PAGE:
Sub-Saharan Africa’s economies have lost steam because of the collapse of global commodity prices and will continue to struggle to regain momentum this year, The World Bank warned Monday.
The average growth rate in the region came in at three percent last year, a severe slowdown of 1.5 percentage points from the year before, The World Bank said in its twice-yearly Africa Pulse economic update. That is the slowest rate of economic expansion since 2009, when sub-Saharan Africa suffered delayed blowback form the global financial crisis.
In 2016, growth is seen accelerating a little, to 3.3 percent points, a performance the Bank calls “lackluster”.
The report blamed “low commodity prices, weak global growth, rising borrowing costs, and adverse domestic developments in many countries” for the slowdown across the region, noting that worst-hit were “the region’s largest commodity exporters.”
Still, the World Bank singled out some “bright spots” on the continent, naming Ivory Coast and Kenya as good performers. Ivory Coast is a major cocoa exporter and hasn’t been affected by the commodities crash, while Kenya, east Africa’s biggest economy, is a net importer of energy, meaning it is set to benefit from low oil prices.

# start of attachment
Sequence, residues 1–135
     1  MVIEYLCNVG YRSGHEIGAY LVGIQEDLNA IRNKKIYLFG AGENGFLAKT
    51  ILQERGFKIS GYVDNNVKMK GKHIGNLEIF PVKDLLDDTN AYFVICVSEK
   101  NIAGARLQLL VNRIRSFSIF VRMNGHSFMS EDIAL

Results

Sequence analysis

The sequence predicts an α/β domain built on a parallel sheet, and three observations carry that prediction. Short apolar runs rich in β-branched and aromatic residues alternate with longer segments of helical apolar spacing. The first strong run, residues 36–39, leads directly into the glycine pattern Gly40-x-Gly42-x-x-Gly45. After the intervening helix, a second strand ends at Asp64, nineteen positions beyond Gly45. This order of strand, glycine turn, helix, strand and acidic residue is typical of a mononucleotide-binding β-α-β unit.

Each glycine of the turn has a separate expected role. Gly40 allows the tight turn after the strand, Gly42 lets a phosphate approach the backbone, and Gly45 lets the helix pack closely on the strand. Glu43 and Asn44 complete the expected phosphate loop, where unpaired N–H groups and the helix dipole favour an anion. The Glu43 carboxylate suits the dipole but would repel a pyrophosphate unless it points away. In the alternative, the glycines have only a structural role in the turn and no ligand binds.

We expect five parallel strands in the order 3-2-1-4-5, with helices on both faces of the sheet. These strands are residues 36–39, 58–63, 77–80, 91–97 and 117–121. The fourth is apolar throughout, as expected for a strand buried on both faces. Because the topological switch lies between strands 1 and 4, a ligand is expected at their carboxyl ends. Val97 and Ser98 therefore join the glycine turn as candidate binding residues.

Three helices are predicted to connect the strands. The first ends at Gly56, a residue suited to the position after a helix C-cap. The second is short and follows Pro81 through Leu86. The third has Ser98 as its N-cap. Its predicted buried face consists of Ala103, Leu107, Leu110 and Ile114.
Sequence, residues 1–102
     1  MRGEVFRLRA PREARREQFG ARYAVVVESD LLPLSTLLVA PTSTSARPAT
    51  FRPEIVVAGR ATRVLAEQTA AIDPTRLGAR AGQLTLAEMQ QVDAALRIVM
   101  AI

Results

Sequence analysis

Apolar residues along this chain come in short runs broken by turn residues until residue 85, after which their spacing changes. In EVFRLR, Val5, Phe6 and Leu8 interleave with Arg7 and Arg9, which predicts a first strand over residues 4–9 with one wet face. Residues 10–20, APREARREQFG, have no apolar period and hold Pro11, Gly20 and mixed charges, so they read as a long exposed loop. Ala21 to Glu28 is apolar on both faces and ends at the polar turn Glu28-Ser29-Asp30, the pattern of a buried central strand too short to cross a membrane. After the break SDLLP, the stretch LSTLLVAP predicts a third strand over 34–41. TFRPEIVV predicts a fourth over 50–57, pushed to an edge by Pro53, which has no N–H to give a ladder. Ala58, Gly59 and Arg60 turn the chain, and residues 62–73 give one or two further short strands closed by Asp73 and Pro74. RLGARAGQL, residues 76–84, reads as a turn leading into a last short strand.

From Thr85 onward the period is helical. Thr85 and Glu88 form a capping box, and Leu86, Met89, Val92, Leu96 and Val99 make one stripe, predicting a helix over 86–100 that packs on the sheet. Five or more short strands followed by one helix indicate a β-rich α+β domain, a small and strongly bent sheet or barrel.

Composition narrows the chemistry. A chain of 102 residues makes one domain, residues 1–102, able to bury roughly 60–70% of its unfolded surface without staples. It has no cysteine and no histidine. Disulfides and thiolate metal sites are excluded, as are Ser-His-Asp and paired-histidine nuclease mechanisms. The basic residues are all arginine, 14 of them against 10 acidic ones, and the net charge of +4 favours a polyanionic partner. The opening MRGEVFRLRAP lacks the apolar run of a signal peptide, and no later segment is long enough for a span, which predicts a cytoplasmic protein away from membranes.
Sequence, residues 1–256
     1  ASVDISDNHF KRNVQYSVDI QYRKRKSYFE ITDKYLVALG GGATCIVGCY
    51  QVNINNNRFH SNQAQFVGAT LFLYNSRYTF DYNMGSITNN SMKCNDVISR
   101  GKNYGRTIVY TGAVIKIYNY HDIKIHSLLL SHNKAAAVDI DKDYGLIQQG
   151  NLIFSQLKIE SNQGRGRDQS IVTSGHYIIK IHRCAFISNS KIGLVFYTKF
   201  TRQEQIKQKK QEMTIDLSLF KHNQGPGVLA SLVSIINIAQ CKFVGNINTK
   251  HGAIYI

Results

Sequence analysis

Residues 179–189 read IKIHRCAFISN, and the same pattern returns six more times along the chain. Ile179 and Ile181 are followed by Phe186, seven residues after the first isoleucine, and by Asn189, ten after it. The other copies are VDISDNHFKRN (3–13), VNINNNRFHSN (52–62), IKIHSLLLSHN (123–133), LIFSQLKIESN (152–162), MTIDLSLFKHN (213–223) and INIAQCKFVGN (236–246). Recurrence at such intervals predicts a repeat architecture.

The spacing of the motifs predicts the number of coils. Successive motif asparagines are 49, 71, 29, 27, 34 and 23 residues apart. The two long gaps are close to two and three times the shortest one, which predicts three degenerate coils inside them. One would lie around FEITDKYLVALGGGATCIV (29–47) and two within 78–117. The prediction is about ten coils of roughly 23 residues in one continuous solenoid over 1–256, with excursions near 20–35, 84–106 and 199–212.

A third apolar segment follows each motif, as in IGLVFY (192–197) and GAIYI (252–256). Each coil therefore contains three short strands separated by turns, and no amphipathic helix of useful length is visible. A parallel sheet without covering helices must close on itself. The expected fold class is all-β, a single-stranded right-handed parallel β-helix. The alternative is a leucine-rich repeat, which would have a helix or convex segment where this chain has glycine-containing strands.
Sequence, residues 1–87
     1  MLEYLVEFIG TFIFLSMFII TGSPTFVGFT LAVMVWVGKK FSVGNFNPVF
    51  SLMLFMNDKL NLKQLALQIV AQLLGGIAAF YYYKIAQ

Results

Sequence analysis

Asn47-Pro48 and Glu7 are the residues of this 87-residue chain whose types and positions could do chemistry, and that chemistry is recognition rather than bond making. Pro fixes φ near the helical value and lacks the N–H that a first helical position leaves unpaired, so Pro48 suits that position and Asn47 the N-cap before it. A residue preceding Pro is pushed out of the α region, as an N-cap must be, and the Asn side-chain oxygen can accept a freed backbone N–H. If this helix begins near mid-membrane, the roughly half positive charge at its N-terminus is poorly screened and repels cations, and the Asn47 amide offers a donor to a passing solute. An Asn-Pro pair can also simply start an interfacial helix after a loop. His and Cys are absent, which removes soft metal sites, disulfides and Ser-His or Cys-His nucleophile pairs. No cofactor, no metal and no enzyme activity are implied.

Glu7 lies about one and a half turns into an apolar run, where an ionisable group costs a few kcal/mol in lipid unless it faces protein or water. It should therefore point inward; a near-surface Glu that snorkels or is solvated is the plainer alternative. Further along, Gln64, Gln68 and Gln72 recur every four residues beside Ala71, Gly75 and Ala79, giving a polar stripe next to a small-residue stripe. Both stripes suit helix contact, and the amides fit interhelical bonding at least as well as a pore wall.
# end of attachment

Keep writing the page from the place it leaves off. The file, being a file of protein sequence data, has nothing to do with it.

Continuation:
A stronger recovery would have to wait until between 2017 to 2018, the World Bank said, predicting a return to a 4.5 percent average growth rate hinging on the economic recovery of the continent’s biggest economy, Nigeria, as well as South Africa and Angola.
Angola last week announced it was in talks to secure a bailout from the International Monetary Fund, weeks after Kenya had said it had renewed and even boosted a precautionary loan agreement. The Fund is helping Mozambique and Ghana with loans, too, and is expected to begin talks in earnest with Zambia later this year. Nigeria and Angola are the continent’s top two crude oil exporters whose economies have suffered as a result of sharply lower crude prices, while South Africa was also hit by lower platinum, iron ore and coal prices.
The increased IMF lending activity across the continent highlights the higher borrowing costs these countries are facing in international capital markets, a sharp change since 2013 when Eurobond issuance by African sovereigns was becoming a growing trend.
It also marks an about turn for many of these countries now rushing to get IMF expertise in economic policy-making, having in recent years concluded IMF programs and pledged never to look back.
The World Bank report warned of “downside risks,” meaning that its predictions for growth this year and next were still vulnerable because of the global economic environment, in particular commodity prices, but also China’s industrial slowdown. – Bdlive